Finance News

S&P 500 drops after the worst sell-off since October 2020, Nasdaq falls deeper into bear market

Traders on the floor of the NYSE, March 4, 2022.

Source: NYSE

The S&P 500 moved lower on Tuesday following the benchmark’s worst day since October 2020, as investors remained on edge about surging commodity prices and slowing economic growth stemming from Russia’s invasion of Ukraine.

The S&P 500 traded 0.7% lower, after its largest one-day decline in more than a year on Monday. The Nasdaq Composite slid roughly 0.8%, falling further into bear market territory. The Dow Jones Industrial Average fell about 140 points.

Certain mega-cap technology stocks dragged on the Nasdaq on Tuesday. Netflix lost 1.8%, Microsoft fell more than 2%. Apple and Amazon lost more than 1% each.

Rising prices for oil, gasoline, natural gas, and precious metals like nickel and palladium are fueling concerns about a slowdown in global growth. Paired with soaring inflation, investors could be facing a risk-off period.

“The Russia/Ukraine conflict, commodity price spikes, inflation concerns, and a very uncertain Fed outlook
have caused recession fears to rapidly intensify and equity markets to sell off sharply,” said Chris Senyek, Wolfe Research chief investment strategist, in a note.

WTI crude oil jumped about 4% to near $124 a barrel on Tuesday as NBC News reported the U.S. is set to ban Russian oil as soon as Tuesday.

Oil prices spiked to start the week with U.S. crude hitting a 13-year high of $130.

The international benchmark, Brent crude, reached a high of $139.13 at one point overnight Sunday before settling at $123.21 per barrel, its highest since July 2008. Brent most recently was up 3.4% to $127.36.

The jump in crude is already starting to hit consumers’ wallets. The national average for a gallon of regular gas rose to $4.173 on Tuesday, according to AAA. The prior record was $4.114 from July 2008, not adjusted for inflation.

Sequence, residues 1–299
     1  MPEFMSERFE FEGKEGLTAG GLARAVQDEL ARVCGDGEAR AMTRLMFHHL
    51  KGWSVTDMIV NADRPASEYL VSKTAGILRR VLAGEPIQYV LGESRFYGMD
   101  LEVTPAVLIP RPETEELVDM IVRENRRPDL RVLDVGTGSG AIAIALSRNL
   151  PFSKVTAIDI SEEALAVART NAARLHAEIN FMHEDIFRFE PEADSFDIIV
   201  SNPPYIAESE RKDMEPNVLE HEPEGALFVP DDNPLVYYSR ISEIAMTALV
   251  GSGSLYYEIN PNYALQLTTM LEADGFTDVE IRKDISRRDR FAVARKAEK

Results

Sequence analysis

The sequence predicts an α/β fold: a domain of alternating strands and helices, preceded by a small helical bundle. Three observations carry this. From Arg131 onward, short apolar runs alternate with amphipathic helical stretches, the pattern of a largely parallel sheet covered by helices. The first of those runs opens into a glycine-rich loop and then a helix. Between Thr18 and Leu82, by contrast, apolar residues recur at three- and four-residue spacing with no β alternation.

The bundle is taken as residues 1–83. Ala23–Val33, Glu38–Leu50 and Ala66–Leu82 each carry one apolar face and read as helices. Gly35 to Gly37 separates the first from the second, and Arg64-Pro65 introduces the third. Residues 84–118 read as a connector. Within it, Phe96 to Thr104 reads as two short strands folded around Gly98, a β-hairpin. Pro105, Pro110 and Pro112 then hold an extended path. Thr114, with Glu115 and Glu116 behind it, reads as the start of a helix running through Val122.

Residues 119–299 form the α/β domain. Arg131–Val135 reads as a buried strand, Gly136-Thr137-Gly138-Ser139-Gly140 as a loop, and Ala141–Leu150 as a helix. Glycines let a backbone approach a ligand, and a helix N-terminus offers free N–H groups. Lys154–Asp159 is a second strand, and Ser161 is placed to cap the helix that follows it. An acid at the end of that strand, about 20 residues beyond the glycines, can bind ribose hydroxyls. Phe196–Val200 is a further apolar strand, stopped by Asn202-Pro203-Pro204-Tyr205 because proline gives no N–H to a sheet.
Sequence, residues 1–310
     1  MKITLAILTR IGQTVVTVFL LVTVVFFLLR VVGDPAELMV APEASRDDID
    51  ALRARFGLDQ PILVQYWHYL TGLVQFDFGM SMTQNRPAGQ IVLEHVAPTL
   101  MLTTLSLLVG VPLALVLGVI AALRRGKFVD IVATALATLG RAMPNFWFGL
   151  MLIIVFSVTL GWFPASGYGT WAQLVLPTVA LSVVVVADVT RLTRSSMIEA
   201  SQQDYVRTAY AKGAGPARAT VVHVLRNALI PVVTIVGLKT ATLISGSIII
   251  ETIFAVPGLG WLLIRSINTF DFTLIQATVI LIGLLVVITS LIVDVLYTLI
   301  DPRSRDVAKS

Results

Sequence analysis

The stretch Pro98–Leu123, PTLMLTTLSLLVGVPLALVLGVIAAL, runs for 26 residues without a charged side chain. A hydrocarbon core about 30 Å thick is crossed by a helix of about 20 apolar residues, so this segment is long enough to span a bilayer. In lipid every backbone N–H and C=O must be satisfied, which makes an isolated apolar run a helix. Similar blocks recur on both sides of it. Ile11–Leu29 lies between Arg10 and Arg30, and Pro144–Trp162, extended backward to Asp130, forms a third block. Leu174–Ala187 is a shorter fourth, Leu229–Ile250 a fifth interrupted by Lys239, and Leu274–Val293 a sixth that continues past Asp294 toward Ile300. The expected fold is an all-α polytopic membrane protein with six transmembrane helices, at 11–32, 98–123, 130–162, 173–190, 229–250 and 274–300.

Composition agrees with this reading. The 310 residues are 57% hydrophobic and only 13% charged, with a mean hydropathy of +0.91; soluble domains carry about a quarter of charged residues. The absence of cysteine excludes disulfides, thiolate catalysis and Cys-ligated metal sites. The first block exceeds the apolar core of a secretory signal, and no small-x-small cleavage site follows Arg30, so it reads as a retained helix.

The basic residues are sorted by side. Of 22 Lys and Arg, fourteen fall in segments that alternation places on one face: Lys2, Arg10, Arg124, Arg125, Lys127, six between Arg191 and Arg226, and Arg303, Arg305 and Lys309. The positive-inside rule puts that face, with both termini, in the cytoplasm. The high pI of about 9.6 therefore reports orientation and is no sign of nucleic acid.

Shares of Chevron and Exxon each rose 2.6% and 2.5%, respectively. Plus, solar and other clean energy stocks moved higher as the continued rise in oil prices shifted focus toward alternative energy sources. Enphase Energy and SunPower added 3.9% and 6.8%, respectively.

Other commodity prices also resumed their push higher. Nickel prices on Tuesday briefly touched a new record above $100,000 a metric ton.

Futures for palladium, a key metal in the manufacture of electronics, jumped another 5% to $3.04 an ounce, while platinum futures rose nearly 3% to $1,149.70 an ounce.

Treasury yields also were sharply higher, with the benchmark 10-year note up close to 10 basis points to 1.85% as investors shed bonds as inflation fears escalate. Yields move opposite price.

The market action came after a steep sell-off on Wall Street where the S&P 500 dropped nearly 3% for its worst day since October 2020. The blue-chip Dow tumbled almost 800 points for its fifth negative session in six, while the Nasdaq Composite, which contains many of the market’s biggest tech names, slid 3.6%, falling into bear market territory, down 20% from its record high from November.

Investors continued to monitor developments of escalated geopolitical tensions. Ukraine said Moscow is seeking to manipulate its cease-fire arrangement by only allowing Ukrainian civilians to evacuate to Russia and Belarus.

Shell apologized for buying cheap Russian oil and said it was divesting itself of all hydrocarbon holdings in the country. Russia itself warned that crude prices could hit $300 a barrel should Western countries enact a ban on exports. Shell shares popped 3% on Tuesday.

“There seems to be no evidence of improvements in Ukraine and the rhetoric out of D.C. continues to get more hawkish,” said Cliff Hodge, chief investment officer at Cornerstone Wealth. “While it’s impossible to know where the ultimate bottom may be, from a risk-reward standpoint, the market looks very reasonable.”

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